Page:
Let’s start this conversation by being sincere about our history. The National Association of REALTORS opposed the Fair Housing Act of 1968. Discriminating against people based on skin color after the passage of the 1866 Civil Rights Act and continuing after the 1968 Fair Housing Act caused millions of Americans to miss the prosperity our parents and grandparents gained during the fast-rising home equity run-up in the post World War II housing boom. The consequences of falling further behind in earned equity continue to be suffered several generations later. We owe great amends for the damage we caused and the inequality we perpetuated. We can do better.
In 1934, Article 34 of NAREB’s Code of Ethics stated: A realtor should never be instrumental in introducing into a neighborhood a character of property or occupancy, members of any race or nationality, or any individual whose presence would be detrimental to property values in that neighborhood.
1962 Version of NAR Code of Ethics Article 5 shows how far we progressed:
The Realtor should not be instrumental in introducing into a neighborhood a character of property or use which will clearly be detrimental to property values in that neighborhood.
This equally illegal whitewash changes nothing.
Spring 2020. Could your clients write a letter to the seller to tell them more about themselves? My client wants to know so they can select the buyer who would be a good fit for the neighborhood.
Can we not see racism even on our porch? Racism lives another day when Realtors participate in gathering evidence to prove a person is or isn’t a good fit for a neighborhood. You can check the Code, the Rules, and the law; you will find nothing that comes close to fitting people into a neighborhood as a responsibility of a real estate licensee. There are plenty of rules and regulations that make judging a person by their race, creed, the color of their skin, unfit, or fit to live in a neighborhood an illegal act of discrimination.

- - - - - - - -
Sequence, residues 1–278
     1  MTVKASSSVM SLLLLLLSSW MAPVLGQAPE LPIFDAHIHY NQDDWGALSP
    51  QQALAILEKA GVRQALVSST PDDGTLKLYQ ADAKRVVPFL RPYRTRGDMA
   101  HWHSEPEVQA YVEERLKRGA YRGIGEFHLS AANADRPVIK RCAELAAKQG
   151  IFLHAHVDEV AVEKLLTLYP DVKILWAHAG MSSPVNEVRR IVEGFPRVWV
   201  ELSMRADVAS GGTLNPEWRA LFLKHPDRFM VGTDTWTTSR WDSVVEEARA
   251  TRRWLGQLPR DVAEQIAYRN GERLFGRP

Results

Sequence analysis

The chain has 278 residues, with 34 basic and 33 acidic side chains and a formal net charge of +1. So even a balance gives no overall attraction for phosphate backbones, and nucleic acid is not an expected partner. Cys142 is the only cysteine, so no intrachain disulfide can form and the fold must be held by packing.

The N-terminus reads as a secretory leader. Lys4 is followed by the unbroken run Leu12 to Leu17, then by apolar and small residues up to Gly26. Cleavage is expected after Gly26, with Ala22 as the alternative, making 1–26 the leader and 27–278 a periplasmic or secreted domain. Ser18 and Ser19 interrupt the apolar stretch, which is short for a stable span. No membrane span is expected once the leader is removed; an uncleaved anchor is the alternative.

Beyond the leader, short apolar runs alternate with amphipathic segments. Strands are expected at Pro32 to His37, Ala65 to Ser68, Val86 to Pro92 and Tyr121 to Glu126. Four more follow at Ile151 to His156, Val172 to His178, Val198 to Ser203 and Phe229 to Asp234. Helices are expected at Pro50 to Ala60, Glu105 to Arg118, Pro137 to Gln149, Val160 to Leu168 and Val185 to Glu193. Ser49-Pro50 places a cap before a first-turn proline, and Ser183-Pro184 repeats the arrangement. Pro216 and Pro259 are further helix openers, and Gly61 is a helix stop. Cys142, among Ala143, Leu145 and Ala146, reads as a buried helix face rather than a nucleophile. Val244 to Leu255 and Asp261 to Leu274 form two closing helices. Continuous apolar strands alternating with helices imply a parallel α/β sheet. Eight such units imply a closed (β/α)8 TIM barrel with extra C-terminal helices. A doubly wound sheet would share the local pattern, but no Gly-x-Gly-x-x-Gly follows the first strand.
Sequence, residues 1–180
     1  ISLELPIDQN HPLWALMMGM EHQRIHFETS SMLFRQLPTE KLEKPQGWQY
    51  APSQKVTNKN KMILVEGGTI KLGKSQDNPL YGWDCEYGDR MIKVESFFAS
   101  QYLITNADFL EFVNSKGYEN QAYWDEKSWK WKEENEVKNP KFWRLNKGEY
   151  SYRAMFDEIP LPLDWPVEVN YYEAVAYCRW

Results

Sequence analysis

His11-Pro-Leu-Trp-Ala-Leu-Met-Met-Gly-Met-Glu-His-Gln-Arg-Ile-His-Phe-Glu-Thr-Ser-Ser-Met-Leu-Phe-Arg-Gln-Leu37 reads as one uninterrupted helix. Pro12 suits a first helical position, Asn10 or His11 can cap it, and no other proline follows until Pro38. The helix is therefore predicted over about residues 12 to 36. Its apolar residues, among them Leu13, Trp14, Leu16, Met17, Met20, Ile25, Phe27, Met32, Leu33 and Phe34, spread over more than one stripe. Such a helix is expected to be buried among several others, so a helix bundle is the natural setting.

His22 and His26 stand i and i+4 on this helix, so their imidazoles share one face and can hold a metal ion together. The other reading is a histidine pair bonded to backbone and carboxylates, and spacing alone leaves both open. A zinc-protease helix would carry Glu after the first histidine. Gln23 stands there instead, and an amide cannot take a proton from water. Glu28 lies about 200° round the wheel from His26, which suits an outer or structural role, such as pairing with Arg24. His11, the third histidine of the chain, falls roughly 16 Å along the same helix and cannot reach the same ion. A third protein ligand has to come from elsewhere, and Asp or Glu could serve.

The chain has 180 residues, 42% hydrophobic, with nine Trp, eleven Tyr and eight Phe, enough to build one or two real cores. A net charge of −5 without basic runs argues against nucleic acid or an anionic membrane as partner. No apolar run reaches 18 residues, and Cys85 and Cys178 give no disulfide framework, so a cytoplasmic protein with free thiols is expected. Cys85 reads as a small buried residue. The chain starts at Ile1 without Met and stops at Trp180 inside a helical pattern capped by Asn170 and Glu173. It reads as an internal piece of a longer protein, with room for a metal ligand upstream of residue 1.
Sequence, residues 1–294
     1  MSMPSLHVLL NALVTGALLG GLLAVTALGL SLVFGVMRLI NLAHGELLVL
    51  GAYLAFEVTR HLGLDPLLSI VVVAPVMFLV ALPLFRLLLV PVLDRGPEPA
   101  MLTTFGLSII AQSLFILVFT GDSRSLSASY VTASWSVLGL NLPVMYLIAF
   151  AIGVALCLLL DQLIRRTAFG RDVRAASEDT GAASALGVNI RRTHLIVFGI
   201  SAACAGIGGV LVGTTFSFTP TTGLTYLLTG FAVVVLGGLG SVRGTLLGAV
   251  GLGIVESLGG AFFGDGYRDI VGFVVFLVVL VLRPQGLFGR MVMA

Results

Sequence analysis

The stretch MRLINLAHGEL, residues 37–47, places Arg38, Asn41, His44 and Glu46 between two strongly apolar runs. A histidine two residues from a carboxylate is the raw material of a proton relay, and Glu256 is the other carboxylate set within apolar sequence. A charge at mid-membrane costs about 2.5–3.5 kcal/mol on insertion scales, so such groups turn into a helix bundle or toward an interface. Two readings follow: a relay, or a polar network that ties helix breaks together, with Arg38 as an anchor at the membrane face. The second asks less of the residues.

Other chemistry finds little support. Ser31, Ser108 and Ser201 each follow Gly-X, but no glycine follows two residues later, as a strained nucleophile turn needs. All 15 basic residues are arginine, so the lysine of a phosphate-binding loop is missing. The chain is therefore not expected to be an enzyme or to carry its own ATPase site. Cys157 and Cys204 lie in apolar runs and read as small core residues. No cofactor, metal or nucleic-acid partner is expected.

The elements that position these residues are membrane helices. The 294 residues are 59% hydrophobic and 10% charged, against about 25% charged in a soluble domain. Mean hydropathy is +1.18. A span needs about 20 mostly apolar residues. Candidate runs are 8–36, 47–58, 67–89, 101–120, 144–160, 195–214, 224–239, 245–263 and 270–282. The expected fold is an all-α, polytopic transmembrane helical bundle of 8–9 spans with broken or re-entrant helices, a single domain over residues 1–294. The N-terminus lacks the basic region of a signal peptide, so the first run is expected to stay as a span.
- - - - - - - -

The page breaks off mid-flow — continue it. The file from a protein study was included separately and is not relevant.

Letters and Photographs
Choosing to sharpen our real estate transaction law and negotiating skills is a sure route to smarter more effective ideas to give our clients an edge in competition. Some ingenious ways we think we’re giving a client an edge are no more than appealing to a person’s implicit bias. A few years ago Realtors began touting the Love Letter From Buyer to Seller as a surefire way to tilt the Seller’s emotions in a Buyer’s favor. The idea, I’m told, is that the letter creates a personal connection between the Buyer and Seller that you can’t achieve with an Offer to Purchase where price and terms are known and little else about the interested persons. Some highly productive Realtors attribute their success in part to the letters they have their clients write and for extra assurance, it’s sometimes recommended the Buyer include a photograph of the happy family. A picture is worth a thousand words and some of the words add up to foul language.